The Technical Brief is a collection of single-focus articles on technical production solutions, published three times a year by the prestigious Yale School of Drama. The primary objective of the publication is to share creative solutions to technical problems so that fellow theatre technicians can avoid having to reinvent the wheel with each new challenge. The range of topics includes scenery, props, painting, electrics, sound and costumes. The articles each describe an approach, device, or technique that has been tested on stage or in a shop by students and professionals.
Some articles included are:
Building Authentic Elizabethan Ruffs; Simple and Inexpensive Stained Glass; A Quick-Load Floor Pulley Design; A Simple Approach to Stretching Drops; Flexi-Pitch Escape Stairs; Spot-Welding Scrim with Sobo; Handrail Armatures for a Grand Staircase; The Triscuit-Studwall Deck System; A Frameless Turntable; Stand on Stage: Minimum Weight, Maximum Effect; A Self-Paging Cable Tray; Roller Chain Turntable Drives; A Bench-Built XLR Cable Tester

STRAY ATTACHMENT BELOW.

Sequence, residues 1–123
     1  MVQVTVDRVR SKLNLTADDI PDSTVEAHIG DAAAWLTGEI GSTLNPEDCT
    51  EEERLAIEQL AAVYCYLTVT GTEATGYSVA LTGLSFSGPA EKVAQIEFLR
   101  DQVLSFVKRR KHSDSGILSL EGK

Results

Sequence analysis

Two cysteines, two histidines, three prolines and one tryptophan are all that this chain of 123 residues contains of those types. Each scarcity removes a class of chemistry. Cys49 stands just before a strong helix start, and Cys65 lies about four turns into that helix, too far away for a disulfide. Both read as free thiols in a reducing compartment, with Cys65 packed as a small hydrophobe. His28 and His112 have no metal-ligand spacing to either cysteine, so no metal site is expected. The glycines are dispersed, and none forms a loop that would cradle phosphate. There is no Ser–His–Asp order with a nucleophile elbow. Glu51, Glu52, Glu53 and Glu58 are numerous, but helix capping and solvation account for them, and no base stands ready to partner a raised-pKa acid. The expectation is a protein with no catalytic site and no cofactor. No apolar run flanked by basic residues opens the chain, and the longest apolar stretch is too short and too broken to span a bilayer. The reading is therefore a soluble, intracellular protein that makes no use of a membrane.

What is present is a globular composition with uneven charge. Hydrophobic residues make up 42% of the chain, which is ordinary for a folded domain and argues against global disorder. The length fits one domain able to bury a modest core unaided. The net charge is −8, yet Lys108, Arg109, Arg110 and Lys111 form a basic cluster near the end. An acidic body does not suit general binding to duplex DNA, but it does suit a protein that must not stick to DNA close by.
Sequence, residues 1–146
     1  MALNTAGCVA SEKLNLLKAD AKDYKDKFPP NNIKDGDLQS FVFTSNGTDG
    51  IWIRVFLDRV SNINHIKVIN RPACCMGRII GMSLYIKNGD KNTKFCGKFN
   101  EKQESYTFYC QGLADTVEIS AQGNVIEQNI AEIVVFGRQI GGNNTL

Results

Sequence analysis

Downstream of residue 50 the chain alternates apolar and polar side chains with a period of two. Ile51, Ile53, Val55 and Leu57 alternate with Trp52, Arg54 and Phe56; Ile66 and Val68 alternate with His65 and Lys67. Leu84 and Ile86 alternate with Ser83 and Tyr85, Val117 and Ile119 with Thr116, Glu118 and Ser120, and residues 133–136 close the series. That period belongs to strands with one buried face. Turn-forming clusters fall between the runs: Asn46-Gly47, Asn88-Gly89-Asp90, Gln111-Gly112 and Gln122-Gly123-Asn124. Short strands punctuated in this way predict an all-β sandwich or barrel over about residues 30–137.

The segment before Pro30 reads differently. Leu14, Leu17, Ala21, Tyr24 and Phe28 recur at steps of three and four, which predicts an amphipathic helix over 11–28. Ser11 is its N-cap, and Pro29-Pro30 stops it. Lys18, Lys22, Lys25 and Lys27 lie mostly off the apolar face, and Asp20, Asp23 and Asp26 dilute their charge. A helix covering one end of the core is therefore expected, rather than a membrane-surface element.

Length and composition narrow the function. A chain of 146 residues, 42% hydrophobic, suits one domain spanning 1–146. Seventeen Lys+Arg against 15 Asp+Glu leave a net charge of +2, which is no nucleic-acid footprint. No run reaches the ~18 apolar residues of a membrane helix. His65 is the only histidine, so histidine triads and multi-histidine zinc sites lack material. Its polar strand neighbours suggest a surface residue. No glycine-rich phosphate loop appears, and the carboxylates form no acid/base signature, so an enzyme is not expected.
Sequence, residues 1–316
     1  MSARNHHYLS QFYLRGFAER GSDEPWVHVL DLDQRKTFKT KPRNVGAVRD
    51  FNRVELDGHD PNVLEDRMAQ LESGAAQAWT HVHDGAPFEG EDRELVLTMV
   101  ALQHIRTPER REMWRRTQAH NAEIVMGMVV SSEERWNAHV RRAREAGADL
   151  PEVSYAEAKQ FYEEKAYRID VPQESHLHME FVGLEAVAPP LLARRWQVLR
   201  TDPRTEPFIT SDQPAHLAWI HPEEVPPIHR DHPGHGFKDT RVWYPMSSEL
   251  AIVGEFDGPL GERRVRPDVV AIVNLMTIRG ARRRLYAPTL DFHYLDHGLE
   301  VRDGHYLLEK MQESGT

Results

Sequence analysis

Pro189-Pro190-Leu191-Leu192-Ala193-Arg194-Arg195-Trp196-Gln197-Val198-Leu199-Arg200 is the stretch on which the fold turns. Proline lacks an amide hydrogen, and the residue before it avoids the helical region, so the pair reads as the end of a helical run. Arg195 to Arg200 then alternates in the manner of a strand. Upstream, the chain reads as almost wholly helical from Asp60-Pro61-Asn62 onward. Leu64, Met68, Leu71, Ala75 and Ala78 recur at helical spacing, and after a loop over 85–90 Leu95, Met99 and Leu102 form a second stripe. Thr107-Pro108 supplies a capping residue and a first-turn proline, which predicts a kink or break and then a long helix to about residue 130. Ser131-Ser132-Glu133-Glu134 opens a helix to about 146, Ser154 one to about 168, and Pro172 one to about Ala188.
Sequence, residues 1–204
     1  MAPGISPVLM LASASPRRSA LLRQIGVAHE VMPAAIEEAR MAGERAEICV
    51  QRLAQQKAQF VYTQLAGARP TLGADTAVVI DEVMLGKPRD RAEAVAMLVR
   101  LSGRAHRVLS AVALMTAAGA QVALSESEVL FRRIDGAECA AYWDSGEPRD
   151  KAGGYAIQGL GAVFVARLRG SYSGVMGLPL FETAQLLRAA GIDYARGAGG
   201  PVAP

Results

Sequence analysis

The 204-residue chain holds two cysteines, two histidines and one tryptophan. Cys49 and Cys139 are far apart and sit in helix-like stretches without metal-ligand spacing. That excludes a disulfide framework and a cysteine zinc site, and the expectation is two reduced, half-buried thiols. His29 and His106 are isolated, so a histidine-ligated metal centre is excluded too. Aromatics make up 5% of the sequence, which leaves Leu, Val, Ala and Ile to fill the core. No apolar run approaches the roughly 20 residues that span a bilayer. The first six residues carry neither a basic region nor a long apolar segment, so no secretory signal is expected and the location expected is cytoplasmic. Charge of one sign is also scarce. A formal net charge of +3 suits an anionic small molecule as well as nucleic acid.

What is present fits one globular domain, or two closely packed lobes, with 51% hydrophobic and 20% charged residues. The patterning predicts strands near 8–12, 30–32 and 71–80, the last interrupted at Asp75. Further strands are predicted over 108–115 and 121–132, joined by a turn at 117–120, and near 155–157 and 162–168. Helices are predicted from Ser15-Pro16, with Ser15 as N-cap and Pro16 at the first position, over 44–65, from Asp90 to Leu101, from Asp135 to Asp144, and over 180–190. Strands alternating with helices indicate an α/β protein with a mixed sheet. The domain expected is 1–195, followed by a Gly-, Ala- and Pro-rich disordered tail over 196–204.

Table of Contents
Costumes; Lighting; Lighting Effects; Painting; Props; Rigging Hardware; Safety; Scenery; Scenery Decks; Scenery Electronics; Scenery Hardware; Scenery Mechanics; Scenery Tools; Sound
Ben Sammler is currently the Chairman of the Department of Technical Design and Production for Yale School of Drama. He is the Production Supervisor for Yale Repertory Theatre and has over seen over 150 productions. Ben Sammler is also an experienced lighting designer and technical director with over 15 years of teaching experience, as well as the co-author of Structural Design for the Stage, 1999 (Focal Press), winner of the Golden Pen Award presented by USITT in 2000.
Don Harvey has been a professor at Yale School of Drama since 1985. He is currenlty an adjunct Professor.
"....A long-needed collection of information on how specific problems have been approached and solved....To me the most valuable use of Technical Brief is not how to copy how someone else solved a particular problem, but to see the approach, materials, and techniques that were used which give me an idea how I might approach the problems I need to solve." Robert R. Scales, Ph.D., Dean of USC School of Theatre